Chances are good that you know someone who identifies as a survivor of sexual assault. Recent statistics indicate that in the US, 1 in 3 women, 1 in 6 men, and up to 66 percent of transgender people experience sexual abuse, assault, or unwanted sexual contact at some point in their lives.
As a clinical social worker who specializes in supporting people in the aftermath of trauma, I’ve had the great privilege of sitting with — and learning from — many survivors of sexual assault over the years.
Often, the people with whom I work have shared with me that their loved ones — while perhaps well-intentioned — have fallen short in their attempts to comfort or respond to them after a disclosure. Based on the wisdom of the clients I’ve been privileged to work with, here are a few suggestions about how you might best support a friend or loved one in the aftermath of sexual violence.
1. Honor survivor voice and choice.
The experience of sexual assault is inherently an experience in which someone’s sense of control, choice, and personal agency has been taken from them. Part of the work of healing, then, is walking with a survivor in their journey to regain their power. We can do this by offering options, respecting choices, listening deeply to survivors, and avoiding imposing our own ideas about what healing should look like or what steps should be taken next.
In my clinical work, honoring survivor voice and choice can happen in ways both big and small. It might mean inviting a person to choose their preferred seat in my office, asking permission to proceed before asking a personal question, or respecting a person’s choices around medical care, a forensic exam, or police reporting.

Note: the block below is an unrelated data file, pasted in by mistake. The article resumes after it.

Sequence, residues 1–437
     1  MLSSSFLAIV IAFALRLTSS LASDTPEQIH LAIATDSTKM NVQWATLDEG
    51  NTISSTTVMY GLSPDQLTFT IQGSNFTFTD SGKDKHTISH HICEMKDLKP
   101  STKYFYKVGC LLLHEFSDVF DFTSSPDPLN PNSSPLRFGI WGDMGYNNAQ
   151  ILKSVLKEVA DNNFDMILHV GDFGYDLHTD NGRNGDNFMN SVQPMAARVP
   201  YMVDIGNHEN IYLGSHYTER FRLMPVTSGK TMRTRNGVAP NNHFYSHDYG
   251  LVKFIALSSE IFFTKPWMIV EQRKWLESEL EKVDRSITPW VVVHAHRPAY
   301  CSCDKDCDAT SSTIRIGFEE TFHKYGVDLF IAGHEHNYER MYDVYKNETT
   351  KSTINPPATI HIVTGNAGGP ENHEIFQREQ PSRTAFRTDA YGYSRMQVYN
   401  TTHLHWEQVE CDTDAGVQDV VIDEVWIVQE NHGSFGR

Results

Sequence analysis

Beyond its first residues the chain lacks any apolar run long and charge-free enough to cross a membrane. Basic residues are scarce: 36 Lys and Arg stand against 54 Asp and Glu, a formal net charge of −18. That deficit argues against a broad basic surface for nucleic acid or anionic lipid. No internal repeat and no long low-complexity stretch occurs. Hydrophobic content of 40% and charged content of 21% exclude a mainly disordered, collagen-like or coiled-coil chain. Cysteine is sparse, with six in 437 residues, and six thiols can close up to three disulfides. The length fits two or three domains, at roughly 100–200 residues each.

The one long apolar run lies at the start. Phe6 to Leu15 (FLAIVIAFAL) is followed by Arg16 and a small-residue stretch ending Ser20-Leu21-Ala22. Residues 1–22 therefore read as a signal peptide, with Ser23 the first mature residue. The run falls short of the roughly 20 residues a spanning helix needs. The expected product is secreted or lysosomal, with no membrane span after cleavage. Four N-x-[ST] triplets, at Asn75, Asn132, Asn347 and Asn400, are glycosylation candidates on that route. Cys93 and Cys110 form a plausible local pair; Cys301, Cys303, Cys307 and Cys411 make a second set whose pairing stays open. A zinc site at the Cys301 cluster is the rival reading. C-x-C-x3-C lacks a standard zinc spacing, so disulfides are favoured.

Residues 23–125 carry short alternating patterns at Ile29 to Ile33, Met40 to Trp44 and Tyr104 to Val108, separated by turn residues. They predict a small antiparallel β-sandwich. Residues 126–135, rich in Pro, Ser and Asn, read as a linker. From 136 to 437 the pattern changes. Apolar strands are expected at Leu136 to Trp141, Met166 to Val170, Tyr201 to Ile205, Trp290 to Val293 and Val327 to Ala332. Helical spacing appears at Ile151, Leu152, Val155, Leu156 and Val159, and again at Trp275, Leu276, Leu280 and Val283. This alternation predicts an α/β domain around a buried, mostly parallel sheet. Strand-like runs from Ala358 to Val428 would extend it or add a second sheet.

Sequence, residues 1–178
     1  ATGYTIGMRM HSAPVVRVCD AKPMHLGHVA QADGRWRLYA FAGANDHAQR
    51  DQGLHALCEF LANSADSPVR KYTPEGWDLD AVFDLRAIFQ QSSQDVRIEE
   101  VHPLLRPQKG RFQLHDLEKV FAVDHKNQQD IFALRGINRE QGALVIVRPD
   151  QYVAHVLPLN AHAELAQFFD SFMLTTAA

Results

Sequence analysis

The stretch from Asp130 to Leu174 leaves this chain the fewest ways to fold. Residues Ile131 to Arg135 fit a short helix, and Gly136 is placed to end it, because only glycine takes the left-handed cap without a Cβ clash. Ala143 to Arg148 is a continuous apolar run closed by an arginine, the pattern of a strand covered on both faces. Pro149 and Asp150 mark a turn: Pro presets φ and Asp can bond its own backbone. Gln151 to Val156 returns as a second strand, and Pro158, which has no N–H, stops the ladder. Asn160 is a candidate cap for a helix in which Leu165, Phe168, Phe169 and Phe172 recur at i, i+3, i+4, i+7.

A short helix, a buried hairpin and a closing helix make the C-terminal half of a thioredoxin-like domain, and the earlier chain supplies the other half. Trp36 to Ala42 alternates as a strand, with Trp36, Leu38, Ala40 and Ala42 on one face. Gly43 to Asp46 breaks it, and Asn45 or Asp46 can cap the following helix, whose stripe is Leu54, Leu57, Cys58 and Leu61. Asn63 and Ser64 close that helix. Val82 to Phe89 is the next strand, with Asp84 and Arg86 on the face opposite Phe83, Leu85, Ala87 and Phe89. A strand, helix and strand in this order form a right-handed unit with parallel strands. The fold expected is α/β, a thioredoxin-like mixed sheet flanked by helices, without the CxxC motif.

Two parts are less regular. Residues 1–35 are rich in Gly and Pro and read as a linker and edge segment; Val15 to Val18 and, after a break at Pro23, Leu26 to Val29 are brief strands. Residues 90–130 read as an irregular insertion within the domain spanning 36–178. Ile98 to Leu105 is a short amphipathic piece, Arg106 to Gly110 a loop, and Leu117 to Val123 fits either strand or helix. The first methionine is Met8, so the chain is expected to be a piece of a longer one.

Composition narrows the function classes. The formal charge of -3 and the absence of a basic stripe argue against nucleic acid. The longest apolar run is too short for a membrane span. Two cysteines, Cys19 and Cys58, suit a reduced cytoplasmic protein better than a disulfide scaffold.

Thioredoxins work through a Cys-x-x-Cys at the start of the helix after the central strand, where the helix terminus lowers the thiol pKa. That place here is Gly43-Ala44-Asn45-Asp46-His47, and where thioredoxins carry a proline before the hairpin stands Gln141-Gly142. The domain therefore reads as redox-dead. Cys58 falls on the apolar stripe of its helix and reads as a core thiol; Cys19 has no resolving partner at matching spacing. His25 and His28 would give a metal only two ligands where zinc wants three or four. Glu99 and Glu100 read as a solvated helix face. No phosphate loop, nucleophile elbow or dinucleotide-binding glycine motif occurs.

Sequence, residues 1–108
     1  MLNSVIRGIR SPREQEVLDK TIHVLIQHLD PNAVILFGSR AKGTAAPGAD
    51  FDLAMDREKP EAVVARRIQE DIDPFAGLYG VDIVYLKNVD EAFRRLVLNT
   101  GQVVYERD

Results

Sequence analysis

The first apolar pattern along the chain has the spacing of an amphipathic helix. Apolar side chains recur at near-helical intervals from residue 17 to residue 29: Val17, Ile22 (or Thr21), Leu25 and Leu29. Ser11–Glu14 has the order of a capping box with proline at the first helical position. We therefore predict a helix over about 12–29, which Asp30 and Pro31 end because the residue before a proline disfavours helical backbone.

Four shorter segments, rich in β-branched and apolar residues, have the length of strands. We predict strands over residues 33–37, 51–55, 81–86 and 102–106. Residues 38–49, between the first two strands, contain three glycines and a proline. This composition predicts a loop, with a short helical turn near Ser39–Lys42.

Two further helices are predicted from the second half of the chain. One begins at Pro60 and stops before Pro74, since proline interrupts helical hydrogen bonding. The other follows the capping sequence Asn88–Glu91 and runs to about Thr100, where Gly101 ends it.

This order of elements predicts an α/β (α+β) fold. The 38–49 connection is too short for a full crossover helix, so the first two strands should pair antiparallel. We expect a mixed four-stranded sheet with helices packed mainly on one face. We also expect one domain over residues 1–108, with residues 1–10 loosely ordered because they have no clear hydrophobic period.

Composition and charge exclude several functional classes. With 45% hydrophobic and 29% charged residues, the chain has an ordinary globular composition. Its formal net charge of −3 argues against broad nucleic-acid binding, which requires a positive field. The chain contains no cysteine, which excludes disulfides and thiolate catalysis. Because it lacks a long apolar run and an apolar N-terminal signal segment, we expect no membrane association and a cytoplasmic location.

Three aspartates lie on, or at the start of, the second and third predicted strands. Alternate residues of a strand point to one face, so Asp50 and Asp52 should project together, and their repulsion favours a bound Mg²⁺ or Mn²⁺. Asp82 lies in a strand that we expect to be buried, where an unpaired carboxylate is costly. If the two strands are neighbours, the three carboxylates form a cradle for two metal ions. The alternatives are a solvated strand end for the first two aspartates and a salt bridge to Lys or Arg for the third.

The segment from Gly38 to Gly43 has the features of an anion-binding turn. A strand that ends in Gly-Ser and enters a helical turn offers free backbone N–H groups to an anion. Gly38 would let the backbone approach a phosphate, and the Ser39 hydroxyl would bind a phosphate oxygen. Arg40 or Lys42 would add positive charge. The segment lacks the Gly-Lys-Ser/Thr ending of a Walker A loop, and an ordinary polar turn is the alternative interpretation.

As a friend, you can respect survivor voice and choice by following your friend’s lead, offering information and options, and trusting that your friend is the person best equipped to make decisions for him- or herself. For example, in the immediate aftermath of an assault you could — if it would be welcome — help your friend understand their options for medical care, evidence collection, and reporting, and then trust the decisions they make around those options, even if they’re different than what you might think is best.
2. Show up — over and over again.
Over and over again, I hear my clients talk about the loneliness that can ensue after trauma. They describe well-intentioned friends who don’t ever revisit the topic of an assault after a disclosure, and how isolating and vulnerable this experience can feel.
We’ve all been there. We feel awkward as we search for words to express our support to a friend going through a difficult time — or we’re worried that if we say something, we may remind our friend of their grief and pain. In my experience, though, saying something is almost always better than saying nothing. Chances are good that your friend who is suffering hasn’t forgotten their pain, so you aren’t “reminding” them of it. If nothing else, you’re reminding them that they aren’t alone.
You might not know exactly what to say, and that’s okay (there’s even a greeting card for that!). But say something. Send a text or an email acknowledging that you’re thinking of your friend, haven’t forgotten them, and want to be there for them in whatever way is most helpful. Drop coffee, a meal, a note, or something special at their front door. Offer to talk, if they want — or to just be together, binge-watching a show, going for a walk, or spending time doing something else your friend enjoys.